The phone supports text and multimedia messaging in addition to e-mail and voice phone calls, but there's no built-in camera (the Audiovox PPC6600 offers an integrated VGA camera).Using Sprint service in the San Francisco Bay Area and while roaming in Mexico City, we tested the dual-band Audiovox PPC6601 (CDMA 800/1900) and were pleased with the call quality when holding the phone to our ear. The included stereo headset made it easier to hear callers in noisy environments. Unfortunately, the built-in speakerphone didn't fare as well since callers said they could hear a bit of feedback.
As a PDA, the device was responsive; however, being a Pocket PC, it began to slow down when multiple applications ran simultaneously. Battery life was admirable. In CNET Labs tests, where we repeatedly play a video clip with sound and backlight at high and all wireless functions turned off, the PPC6601 lasted a little more than five hours. Since our drain test was designed to deplete the cell as soon as possible, you'll get more mileage out of your battery under normal use.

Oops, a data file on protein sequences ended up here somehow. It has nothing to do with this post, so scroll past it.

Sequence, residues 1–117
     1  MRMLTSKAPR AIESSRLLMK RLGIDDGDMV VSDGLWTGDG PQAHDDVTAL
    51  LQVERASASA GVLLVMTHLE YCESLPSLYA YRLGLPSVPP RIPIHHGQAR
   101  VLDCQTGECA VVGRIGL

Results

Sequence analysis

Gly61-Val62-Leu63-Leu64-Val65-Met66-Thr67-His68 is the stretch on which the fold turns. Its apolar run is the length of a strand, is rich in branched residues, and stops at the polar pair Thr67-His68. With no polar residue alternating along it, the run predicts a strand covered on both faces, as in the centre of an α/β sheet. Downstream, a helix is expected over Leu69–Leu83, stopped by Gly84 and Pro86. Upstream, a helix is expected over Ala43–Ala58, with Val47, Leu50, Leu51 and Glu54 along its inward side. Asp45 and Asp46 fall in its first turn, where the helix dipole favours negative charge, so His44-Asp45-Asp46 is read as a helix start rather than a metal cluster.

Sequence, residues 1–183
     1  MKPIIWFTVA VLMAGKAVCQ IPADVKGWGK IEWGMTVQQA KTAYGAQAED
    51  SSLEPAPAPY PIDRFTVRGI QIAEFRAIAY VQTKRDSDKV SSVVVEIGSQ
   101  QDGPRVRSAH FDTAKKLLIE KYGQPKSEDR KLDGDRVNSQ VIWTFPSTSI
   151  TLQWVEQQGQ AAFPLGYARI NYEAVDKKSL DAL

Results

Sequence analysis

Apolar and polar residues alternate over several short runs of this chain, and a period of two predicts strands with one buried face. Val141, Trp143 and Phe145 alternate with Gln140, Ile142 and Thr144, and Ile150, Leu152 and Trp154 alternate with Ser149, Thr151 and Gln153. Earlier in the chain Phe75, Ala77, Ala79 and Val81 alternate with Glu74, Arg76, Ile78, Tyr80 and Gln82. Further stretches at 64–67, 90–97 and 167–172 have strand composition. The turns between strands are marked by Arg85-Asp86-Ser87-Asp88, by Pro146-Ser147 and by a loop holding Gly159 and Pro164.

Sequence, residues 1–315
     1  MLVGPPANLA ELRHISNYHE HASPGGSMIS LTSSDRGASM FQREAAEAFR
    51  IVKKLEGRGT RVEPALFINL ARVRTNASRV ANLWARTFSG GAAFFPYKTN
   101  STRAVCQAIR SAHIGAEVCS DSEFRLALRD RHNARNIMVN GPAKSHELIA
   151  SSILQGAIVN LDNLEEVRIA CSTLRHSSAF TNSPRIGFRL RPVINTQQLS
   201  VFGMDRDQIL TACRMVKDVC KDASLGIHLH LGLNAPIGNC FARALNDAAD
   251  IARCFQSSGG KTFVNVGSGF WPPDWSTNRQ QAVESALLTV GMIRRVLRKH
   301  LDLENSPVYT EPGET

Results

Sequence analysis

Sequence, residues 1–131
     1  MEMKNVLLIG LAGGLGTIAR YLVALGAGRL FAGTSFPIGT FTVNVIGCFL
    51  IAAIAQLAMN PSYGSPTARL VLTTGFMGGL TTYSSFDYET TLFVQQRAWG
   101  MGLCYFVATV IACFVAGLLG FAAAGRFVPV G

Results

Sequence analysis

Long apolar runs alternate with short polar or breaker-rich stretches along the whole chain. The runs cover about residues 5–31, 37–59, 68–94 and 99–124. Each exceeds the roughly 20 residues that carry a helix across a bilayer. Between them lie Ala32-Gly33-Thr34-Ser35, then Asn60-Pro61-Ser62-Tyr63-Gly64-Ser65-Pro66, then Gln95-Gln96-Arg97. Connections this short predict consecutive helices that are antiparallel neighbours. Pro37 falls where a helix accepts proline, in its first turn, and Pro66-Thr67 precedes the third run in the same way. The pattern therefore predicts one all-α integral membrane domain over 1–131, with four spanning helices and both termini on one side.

Sprint's 1xRTT data network was reliable if not blazingly fast. The PPC6601 was able to quickly make the data connection. Low-bandwidth stuff, such as e-mail and even attachments, transferred fairly quickly. However, as with most mobile devices, surfing the Web exercises some patience as pages load more slowly. Also, complex sites such as CNET crashed the browser. Unfortunately, we weren't able to test out the EVDO data connections.
The PPC-6601 is rated for only 3.6 hours of talk time and just six days of standby time. Our testing indicated that those numbers about right. You can buy a spare battery to extend your time between charges if needed. Still, most road warriors will find that the PPC6601 just doesn't last long enough for them to get the job done. According to the FCC, this device has a SAR rating of 1.3 watts per kilogram.
CNET Labs project leader Dong Van Ngo and Senior Editor William O'Neal contributed to the performance analysis.